home | O'Reilly's CD bookshelfs | FreeBSD | Linux | Cisco | Cisco Exam    

Building Internet Firewalls

Building Internet FirewallsSearch this book
Previous: 8.10 Domain Name System (DNS) Chapter 8
Configuring Internet Services
Next: 8.12 Network Management Services
 

8.11 syslog

syslog is used to manage log messages in a centralized way. syslog got its start as a way of centrally recording messages for a set of UNIX machines, but many network devices (routers, hubs, etc.) now use syslog to report status and usage information. Such devices often don't even have a way to record this information locally, because they don't have any writable storage media; if you want to know what they're reporting, something has to be listening to their syslog messages.

Attackers will often attempt to flood a site's syslog server in order to cover their tracks, so that the server runs out of disk space and stops logging new messages, or so that the evidence of their activities is lost in the noise.

8.11.1 Packet Filtering Characteristics of syslog

syslog is a UDP -based service. syslog servers (which record messages logged by other systems) listen on UDP port 514. syslog clients generally (but not always) use ports above 1023 to talk to servers. syslog servers never send messages back to clients. syslog servers can be configured to pass messages along to other syslog servers; in such cases, the sending server generally uses port 514 as the client port.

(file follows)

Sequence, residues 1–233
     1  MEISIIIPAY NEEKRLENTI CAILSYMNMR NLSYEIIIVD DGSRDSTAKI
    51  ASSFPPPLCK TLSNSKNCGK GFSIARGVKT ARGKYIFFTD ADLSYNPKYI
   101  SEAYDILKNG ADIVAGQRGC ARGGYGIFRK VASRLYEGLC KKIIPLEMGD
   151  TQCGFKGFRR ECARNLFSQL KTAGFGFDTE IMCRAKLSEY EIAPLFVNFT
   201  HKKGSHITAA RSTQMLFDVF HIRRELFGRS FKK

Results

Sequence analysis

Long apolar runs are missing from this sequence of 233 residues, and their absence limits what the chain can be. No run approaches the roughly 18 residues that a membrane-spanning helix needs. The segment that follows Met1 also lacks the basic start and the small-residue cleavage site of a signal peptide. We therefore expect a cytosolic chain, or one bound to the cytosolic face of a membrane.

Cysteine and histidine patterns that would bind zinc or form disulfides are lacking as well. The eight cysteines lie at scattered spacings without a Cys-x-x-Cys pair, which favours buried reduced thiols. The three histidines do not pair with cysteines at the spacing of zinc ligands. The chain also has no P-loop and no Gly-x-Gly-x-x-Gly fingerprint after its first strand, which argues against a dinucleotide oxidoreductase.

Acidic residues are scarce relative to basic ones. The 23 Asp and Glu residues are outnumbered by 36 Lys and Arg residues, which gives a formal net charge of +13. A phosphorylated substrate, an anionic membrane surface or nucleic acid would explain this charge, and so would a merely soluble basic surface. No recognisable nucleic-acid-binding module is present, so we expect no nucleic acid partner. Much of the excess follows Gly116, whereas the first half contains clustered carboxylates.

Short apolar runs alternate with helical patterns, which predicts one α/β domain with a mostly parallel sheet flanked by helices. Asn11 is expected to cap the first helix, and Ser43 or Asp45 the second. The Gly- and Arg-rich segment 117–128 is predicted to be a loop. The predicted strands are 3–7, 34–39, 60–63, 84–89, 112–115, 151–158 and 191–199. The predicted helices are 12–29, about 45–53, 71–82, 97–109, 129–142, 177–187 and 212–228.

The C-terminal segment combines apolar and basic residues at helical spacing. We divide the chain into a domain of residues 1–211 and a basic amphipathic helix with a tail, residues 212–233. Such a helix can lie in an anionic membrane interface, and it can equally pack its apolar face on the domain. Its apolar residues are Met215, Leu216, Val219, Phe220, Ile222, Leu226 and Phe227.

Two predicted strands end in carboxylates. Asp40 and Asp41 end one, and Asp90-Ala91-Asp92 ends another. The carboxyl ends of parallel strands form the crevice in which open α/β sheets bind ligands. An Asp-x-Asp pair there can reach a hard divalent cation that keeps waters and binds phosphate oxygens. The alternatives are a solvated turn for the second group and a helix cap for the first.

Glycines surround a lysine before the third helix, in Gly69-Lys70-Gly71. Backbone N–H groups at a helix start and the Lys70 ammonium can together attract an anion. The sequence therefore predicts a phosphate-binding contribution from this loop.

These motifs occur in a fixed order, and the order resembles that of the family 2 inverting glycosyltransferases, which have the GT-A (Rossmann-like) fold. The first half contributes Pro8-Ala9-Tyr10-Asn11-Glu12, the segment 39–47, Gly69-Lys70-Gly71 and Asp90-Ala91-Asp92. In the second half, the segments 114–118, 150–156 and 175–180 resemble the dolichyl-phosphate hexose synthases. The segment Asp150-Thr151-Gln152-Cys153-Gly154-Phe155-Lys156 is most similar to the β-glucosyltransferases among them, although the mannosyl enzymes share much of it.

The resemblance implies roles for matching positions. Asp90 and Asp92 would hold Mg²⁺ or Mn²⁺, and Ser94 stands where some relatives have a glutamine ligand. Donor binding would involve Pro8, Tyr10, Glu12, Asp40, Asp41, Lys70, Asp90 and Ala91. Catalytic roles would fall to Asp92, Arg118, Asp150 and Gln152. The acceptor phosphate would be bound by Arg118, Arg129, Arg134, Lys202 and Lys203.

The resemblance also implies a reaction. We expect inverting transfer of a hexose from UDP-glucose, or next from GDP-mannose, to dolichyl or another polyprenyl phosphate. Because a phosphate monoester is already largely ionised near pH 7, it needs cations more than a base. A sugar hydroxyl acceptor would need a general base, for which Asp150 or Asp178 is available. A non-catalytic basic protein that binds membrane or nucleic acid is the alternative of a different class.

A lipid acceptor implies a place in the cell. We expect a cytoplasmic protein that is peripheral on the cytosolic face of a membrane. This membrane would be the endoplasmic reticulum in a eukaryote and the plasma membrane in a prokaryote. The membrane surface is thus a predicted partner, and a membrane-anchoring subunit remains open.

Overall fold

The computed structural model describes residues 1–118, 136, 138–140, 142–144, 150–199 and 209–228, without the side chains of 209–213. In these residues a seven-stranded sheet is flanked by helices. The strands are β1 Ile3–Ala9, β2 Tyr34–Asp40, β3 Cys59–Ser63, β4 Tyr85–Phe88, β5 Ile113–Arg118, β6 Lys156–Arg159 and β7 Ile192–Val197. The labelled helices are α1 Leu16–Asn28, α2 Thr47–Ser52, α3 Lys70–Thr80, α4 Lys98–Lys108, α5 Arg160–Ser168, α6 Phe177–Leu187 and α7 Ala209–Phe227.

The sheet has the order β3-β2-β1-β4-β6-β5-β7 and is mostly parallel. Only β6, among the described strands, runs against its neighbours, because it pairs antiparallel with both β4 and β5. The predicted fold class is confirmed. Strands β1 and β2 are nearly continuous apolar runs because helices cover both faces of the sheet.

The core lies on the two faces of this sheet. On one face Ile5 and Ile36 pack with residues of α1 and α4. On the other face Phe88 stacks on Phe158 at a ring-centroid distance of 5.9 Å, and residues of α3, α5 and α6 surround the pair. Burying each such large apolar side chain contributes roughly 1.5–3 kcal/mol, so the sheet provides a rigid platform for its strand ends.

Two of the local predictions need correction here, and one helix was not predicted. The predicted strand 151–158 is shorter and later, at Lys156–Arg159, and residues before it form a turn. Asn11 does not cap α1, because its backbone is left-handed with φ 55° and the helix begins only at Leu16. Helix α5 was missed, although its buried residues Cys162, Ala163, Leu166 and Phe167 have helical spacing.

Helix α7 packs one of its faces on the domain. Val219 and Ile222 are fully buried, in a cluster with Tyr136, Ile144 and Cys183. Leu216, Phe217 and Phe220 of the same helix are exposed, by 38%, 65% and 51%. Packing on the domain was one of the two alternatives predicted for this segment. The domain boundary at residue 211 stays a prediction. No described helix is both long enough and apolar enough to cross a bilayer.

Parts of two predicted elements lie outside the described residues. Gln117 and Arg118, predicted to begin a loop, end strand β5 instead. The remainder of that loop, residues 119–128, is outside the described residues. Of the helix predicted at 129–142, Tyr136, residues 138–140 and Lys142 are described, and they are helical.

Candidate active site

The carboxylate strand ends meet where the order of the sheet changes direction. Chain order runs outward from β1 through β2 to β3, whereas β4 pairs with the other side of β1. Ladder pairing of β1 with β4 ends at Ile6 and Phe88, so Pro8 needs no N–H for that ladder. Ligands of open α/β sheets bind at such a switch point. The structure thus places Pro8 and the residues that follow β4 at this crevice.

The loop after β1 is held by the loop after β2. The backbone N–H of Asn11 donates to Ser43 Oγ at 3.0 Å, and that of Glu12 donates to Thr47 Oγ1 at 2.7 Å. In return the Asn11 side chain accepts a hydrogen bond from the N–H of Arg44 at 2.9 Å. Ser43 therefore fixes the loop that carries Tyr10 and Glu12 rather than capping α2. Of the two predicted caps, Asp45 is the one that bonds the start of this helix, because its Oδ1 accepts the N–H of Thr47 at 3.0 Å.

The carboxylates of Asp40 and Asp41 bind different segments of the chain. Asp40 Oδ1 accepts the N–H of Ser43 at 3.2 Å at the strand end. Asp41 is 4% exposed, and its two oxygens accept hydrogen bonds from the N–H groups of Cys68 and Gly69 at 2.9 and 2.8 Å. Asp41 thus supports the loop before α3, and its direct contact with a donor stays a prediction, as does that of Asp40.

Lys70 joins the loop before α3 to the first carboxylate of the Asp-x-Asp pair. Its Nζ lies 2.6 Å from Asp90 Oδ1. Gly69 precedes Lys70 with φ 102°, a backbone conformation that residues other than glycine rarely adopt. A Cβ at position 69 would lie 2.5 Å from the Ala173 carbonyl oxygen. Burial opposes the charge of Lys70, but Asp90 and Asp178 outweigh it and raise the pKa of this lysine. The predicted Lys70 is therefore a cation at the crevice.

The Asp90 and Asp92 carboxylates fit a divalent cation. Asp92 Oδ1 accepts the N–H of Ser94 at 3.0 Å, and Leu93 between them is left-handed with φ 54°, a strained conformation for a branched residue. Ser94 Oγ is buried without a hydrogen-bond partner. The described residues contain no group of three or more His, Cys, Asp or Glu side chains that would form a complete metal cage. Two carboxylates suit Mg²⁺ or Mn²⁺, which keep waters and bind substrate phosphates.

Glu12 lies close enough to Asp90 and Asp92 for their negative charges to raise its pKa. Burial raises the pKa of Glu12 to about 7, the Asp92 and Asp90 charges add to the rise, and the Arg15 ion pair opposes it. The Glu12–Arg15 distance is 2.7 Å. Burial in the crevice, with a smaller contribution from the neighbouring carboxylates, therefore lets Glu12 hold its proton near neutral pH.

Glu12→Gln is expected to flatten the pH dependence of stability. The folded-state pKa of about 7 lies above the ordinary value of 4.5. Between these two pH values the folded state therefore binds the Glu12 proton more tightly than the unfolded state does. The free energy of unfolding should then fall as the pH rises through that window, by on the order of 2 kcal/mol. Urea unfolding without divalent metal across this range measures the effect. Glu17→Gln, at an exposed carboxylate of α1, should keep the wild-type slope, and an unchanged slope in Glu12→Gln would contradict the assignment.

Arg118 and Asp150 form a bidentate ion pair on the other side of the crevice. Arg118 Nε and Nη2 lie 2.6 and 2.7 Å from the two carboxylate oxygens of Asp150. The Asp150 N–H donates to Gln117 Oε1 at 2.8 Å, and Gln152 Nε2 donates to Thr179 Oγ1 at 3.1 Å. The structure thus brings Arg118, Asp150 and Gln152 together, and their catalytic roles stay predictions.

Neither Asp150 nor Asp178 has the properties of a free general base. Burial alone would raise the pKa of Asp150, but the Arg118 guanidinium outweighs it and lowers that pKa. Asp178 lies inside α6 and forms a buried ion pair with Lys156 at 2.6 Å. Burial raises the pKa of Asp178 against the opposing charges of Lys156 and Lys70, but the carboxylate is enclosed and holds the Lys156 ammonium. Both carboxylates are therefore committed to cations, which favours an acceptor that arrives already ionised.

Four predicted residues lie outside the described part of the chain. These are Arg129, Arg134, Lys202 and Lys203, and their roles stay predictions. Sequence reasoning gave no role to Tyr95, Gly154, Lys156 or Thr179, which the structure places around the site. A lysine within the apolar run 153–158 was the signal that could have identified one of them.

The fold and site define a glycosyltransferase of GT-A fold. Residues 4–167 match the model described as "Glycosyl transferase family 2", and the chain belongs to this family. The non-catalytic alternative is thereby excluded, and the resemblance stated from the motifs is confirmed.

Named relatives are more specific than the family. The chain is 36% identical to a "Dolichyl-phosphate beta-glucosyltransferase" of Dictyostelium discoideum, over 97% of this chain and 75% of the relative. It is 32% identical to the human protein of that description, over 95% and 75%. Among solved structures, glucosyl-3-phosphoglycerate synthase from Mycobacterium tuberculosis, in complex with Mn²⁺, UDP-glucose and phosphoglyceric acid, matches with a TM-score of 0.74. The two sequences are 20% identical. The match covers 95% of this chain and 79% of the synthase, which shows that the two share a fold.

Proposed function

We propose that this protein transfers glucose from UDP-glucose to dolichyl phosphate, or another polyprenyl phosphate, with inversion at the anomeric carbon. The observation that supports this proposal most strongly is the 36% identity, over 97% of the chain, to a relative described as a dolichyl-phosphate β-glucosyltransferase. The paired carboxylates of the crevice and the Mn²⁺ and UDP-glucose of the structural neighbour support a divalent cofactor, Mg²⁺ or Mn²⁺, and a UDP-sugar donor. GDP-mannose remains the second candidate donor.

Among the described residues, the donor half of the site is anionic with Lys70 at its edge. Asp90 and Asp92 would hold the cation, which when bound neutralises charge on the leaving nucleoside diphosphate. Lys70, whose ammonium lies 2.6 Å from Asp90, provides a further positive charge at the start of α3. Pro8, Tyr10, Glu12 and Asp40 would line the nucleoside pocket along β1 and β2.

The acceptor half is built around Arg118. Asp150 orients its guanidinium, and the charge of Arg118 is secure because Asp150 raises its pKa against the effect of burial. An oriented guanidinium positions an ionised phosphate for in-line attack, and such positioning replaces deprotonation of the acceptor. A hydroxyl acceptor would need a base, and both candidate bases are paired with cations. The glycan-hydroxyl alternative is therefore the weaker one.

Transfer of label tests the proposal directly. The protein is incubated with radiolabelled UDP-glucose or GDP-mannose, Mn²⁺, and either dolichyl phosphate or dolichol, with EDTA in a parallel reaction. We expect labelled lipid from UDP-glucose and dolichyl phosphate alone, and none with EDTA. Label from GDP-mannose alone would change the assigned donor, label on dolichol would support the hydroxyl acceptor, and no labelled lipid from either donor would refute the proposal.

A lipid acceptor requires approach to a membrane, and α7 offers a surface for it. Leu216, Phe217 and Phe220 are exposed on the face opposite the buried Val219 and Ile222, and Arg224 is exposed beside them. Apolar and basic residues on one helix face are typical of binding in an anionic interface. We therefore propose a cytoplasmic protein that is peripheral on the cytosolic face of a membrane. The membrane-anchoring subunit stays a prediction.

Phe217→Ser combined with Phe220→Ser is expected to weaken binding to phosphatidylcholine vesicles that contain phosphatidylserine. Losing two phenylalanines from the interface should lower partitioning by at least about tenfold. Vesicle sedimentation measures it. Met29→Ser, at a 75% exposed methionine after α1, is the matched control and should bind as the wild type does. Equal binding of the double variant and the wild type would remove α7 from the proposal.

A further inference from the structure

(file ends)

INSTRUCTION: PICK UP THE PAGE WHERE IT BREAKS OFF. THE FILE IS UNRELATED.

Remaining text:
Direc- Source Dest. Pro- Source Dest. ACK
tion Addr. Addr. tocol Port Port Set Notes

In

Ext

Int

UDP

>1023[41]

514

[42]

External client contacting internal syslog server

Out

Int

Ext

UDP

>1023[41]

514

[42]

Internal client contacting external syslog server

In

Ext

Int

UDP

514

514

[42]

External syslog server passing message to internal syslog server

Out

Int

Ext

UDP

514

514

[42]

Internal syslog server passing message to external syslog server

[41] Some syslog clients sometimes use ports below 1024.

[42] UDP packets do not have ACK bits.

8.11.2 Proxying Characteristics of syslog

syslog is a self-proxying protocol; that is, syslog servers can generally be configured to simply pass messages they receive on to other syslog servers.

8.11.3 Summary of syslog Recommendations

  • Do not allow syslog in from the outside world. In this way, you'll prevent attackers from attempting to flood your syslog servers.


Previous: 8.10 Domain Name System (DNS) Building Internet Firewalls Next: 8.12 Network Management Services
8.10 Domain Name System (DNS) Book Index 8.12 Network Management Services











??????????????@Mail.ru